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HomeScaleAircraftScale HeliScale Helicopter Main Discussion › 3D printing advice wanted
07-03-2018 07:45 PM  4 months agoPost 1
ssmith512

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Indianapolis, IN USA

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Fellow crazy people,

I have decided to take the the plunge and get into 3D printing to further my enjoyment of this hobby. So I am in the middle of reading, researching, learning what I can in order to make as an informed purchase as possible.

I am wanting advice/suggestions from those with experience on what I should look for in a printer, what I should stay away from and any experiences you can pass on to help steer me in the right direction.

I know that I do not want a "cheap introduction printer" or clone, but certainly cost is a factor that I am comparing. I want something I can grow into as I learn and become more proficient. Right now I see the main use for the printer being instrument panels/cockpit details, and of course small exterior details that would otherwise be difficult to model due to size, complexity of shape or quantity (needing lots of small things that are identical). So dont need a printer that has a large print volume (in fact would prefer one with a small footprint). Detail of print quality is high on my list of requirements. Sanding tiny 1mm sized toggle switch details on an instrument panel to remove layer lines is kind of out of the question, so resolution is paramount to minimize post printing processing as much as possible.

Another big question relates to printing material. HOLY COW there are a bagillion options!! What little I know is that PLA may be the easiest to work with, but has a low temp resistance and may not be the best material to use as it could deform/warp on a hot summer day at the flying field. ABS may be better but the fumes during printing are toxic? So any advice on materials will be GREATLY appreciated.

So far, my research has pointed me to the Dremel 3D45, the Prusa i3 Mk2S and the Creality CR-10S as potential candidates.

Thanks in advance!!!

Steve

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07-03-2018 10:26 PM  4 months agoPost 2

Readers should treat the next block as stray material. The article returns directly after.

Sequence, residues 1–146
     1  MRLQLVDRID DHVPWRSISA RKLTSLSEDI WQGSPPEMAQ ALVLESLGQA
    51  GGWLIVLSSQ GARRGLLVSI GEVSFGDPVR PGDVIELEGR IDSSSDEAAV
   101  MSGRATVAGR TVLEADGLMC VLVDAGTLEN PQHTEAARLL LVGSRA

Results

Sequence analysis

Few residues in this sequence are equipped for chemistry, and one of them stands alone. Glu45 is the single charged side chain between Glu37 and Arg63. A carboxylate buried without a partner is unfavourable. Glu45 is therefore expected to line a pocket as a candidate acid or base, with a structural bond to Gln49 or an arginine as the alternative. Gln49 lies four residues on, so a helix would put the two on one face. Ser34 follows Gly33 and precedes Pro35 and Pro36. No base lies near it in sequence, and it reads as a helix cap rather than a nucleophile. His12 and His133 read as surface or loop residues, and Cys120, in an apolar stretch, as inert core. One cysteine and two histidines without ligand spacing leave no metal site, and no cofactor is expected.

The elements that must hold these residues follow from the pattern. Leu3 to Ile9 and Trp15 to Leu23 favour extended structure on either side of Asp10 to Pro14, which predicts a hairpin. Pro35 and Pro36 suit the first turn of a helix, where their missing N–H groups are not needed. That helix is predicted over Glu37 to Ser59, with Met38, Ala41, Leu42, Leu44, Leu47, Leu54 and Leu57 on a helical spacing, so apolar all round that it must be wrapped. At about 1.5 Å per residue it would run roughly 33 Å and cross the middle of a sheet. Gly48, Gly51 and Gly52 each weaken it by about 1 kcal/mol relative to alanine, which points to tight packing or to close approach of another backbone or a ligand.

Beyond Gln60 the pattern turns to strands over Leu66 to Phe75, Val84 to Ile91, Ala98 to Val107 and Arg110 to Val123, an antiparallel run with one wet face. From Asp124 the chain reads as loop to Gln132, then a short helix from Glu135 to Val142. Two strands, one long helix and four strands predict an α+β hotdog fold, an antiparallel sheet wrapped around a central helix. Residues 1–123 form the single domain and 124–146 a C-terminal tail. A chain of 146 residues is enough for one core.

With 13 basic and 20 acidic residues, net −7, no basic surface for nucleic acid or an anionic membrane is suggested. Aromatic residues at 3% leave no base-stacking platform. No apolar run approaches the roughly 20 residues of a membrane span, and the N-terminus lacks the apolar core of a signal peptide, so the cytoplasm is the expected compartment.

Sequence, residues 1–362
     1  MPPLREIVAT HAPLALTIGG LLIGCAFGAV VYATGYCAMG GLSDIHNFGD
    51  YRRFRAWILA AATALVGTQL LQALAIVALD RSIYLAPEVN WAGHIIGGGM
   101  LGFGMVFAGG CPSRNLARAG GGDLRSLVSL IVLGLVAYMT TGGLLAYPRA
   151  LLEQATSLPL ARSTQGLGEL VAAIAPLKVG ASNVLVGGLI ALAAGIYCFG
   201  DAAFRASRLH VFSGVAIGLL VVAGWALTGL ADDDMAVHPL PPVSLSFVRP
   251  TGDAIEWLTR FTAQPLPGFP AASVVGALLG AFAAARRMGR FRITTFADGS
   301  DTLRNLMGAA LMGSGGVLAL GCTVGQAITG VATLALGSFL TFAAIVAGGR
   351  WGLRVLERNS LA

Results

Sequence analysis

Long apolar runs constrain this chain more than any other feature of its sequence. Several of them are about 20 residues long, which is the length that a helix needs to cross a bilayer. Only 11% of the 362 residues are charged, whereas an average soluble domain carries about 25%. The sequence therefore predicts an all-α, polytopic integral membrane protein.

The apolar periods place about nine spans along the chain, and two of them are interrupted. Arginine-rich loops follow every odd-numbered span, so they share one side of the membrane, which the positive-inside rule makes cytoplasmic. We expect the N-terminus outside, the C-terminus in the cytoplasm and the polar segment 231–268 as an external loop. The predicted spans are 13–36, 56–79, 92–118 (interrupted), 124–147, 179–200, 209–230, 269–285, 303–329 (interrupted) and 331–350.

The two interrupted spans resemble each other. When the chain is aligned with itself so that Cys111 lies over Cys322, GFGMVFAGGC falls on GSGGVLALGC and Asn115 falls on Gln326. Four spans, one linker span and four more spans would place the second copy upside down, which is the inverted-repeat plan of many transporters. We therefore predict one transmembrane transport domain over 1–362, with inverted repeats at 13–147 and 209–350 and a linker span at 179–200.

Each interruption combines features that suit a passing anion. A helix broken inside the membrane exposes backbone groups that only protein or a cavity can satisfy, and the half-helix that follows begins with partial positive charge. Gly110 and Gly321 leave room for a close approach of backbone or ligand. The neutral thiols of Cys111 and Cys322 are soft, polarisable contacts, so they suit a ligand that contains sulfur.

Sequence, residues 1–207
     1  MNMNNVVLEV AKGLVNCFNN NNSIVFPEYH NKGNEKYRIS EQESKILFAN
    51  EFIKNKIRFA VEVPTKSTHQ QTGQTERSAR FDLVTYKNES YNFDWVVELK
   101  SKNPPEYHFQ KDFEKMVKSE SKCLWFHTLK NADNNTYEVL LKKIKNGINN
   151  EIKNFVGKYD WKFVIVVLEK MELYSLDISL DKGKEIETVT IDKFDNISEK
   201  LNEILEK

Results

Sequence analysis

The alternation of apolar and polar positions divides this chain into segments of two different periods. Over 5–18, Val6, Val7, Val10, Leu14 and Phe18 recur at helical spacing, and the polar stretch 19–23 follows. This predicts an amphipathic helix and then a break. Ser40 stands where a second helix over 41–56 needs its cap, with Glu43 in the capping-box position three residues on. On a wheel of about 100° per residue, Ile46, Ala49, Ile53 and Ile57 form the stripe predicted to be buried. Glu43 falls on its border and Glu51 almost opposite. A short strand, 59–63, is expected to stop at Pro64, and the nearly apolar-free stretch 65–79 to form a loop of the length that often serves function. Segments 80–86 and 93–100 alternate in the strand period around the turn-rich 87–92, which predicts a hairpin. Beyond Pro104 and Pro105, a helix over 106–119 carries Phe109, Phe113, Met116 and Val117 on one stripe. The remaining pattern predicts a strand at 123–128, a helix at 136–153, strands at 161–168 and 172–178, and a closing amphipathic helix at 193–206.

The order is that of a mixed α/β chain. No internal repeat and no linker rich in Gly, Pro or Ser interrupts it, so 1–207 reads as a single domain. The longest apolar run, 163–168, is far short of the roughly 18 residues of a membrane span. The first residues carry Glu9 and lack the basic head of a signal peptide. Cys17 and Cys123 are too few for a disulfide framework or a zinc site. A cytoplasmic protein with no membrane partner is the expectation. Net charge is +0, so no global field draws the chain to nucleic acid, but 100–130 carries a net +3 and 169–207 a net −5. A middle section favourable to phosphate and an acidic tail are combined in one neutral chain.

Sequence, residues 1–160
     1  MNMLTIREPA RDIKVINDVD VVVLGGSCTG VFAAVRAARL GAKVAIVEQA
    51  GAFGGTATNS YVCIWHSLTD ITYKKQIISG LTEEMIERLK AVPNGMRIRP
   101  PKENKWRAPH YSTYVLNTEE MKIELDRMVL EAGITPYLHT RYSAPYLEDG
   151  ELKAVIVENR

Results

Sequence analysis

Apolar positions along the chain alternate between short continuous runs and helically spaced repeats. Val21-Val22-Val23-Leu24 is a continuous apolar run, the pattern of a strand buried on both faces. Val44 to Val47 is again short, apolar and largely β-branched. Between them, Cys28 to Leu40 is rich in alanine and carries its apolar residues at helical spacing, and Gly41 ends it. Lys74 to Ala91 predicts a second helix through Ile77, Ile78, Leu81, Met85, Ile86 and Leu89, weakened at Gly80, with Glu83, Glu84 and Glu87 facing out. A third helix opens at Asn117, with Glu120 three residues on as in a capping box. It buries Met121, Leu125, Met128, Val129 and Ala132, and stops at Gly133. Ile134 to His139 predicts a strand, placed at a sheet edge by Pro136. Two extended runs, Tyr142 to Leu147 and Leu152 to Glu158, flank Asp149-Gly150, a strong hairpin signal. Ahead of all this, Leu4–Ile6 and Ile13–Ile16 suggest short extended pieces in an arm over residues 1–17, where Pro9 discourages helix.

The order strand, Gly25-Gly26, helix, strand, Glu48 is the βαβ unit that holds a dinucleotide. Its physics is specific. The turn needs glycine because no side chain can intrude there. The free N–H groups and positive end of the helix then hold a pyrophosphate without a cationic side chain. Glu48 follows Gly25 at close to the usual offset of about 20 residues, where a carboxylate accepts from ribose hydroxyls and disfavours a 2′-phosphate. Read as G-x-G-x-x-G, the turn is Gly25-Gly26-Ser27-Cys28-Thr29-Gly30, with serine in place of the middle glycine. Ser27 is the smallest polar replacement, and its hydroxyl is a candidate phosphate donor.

coptercptn

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Mesa AZ. USA

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Finally working on putting my Prusa mk3 together... I’ll let you know how it works out

Home of the "Sea Cobra".....

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07-04-2018 12:31 AM  4 months agoPost 3
helicrunch

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Rock Hill sc

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i have a prusa I3 and it is not great for small detail parts like you want,
I tried to use it for stuff like that and it sucks.
the dremel printer is the same as i have a friend that has one that i used and its about the same as the prusa.
3D printing is one half of the equation you have to be able to draw in 3d a skill i have yet to master.
right now its faster to make the parts the old fashion way with lathe and mill then make molds for casting.

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07-04-2018 12:58 AM  4 months agoPost 4
Magnumeng

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Good old NC

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I have an Anet A8... total invested is 250 (180 for the printer and 70 in recommended mods for safety). Have only been able to print PLA successfully, Have not figured out the ABS yet. Detail is okay, but it is not scale quality by any means.

But for 250 what do you expect..

TDR, Kontronik Kosmik Cool 200, Kontronik 750-56, CGY750,
Team KBDD

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07-04-2018 12:46 PM  4 months agoPost 5
Peter Wales

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Orlando Fl

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Hi Steve,
If you want to print instrument panels, forget FDM printers (the ones with a plastic wire) They will never be accurate enough for the tiny details you want to make.